New insights into evolutionary past uncovered

A new study has provided the most comprehensive analysis of human genetic diversity to date, after the sequencing of 929 human genomes by scientists at the Wellcome Sanger Institute, the University of Cambridge and their collaborators, including Associate Professor Qasim Ayub from the School of Science, Monash University Malaysia.

The study uncovers a large amount of previously undescribed genetic variation. It provides new insights into our evolutionary past, highlighting the complexity of the process through which our ancestors diversified, migrated and mixed throughout the world. The resource, published in Science (20 March), is the most detailed representation of the genetic diversity of worldwide populations to date. It is freely available to all researchers to study human genetic diversity, including studies of genetic susceptibility to disease in different parts of the world.

The consensus view of human history tells us that the ancestors of present-day humans diverged from the ancestors of extinct Neanderthal and Denisovan groups around 500,000-700,000 years ago, before the emergence of 'modern' humans in Africa in the last few hundred thousand years.

Around 50,000-70,000 years ago, some humans expanded out of Africa and soon after mixed with archaic Eurasian groups. After that, populations increased, with extensive migration and mixture as many groups transitioned from hunter-gatherers to food producers over the last 10,000 years.

This study is the first to apply the latest high-quality sequencing technology to such a large and diverse set of humans, covering 929 genomes from 54 geographically, linguistically and culturally diverse populations from across the globe. The sequencing and analysis of these genomes, which are part of the Human Genome Diversity Project (HGDP)-CEPH panel, now provides unprecedented detail of our genetic history.

Associate Professor Qasim Ayub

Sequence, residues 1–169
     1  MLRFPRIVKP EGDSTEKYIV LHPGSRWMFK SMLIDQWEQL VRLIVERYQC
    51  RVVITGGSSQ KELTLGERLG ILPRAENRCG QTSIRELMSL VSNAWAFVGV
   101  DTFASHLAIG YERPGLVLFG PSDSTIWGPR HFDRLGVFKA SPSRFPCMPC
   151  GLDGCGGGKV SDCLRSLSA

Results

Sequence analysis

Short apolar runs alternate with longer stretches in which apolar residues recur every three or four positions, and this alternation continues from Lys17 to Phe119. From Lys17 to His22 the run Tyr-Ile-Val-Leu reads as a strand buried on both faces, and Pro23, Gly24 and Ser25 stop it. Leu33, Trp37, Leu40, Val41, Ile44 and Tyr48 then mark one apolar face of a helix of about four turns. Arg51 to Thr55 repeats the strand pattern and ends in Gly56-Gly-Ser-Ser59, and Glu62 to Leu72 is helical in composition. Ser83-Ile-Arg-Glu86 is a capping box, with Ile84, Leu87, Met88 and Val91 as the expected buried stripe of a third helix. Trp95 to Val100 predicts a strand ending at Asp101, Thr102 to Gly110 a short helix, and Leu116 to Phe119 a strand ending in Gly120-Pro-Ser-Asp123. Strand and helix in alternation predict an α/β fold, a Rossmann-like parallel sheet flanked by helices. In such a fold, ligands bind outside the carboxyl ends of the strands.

The team found millions of previously unknown DNA variations that are exclusive to one continental or major geographical region. Though most of these were rare, they included common differences in certain African and Oceanian populations that had not been identified by previous studies. Variations such as these may influence the susceptibility of different populations to disease.

However, medical genetics studies have so far predominantly been conducted in people of European ancestry, meaning that any medical implications that these variants might have are not known. Identifying these novel variants represents a first step towards fully expanding the study of genomics to underrepresented populations.

However, no single DNA variation was found to be present in 100 per cent of genomes from any major geographical region while being absent from all other regions. This finding underlines that the majority of common genetic variation is found across the globe.

The study also provides evidence that the Neanderthal ancestry of modern humans can be explained by just one major 'mixing event', most likely involving several Neanderthal individuals coming into contact with modern humans shortly after the latter had expanded out of Africa. In contrast, several different sets of DNA segments inherited from Denisovans were identified in people from Oceania and East Asia, suggesting at least two distinct mixing events.

The discovery of small amounts of Neanderthal DNA in west African people, most likely reflecting later genetic backflow into Africa from Eurasia, further highlights how multiple layers of complexity characterise human genetic history. Until recently, it was thought that only people outside sub-Saharan Africa had Neanderthal DNA.

A former alumnus of the Wellcome Sanger Institute, Associate Professor Qasim Ayub: "When I was collecting some of these samples in the 1990s in Pakistan, I never imagined that sequencing technologies would advance so much that we would be able to generate whole-genome sequences for less than a thousand dollars in a few days. This rich data resource will facilitate genomic studies in under-represented populations".

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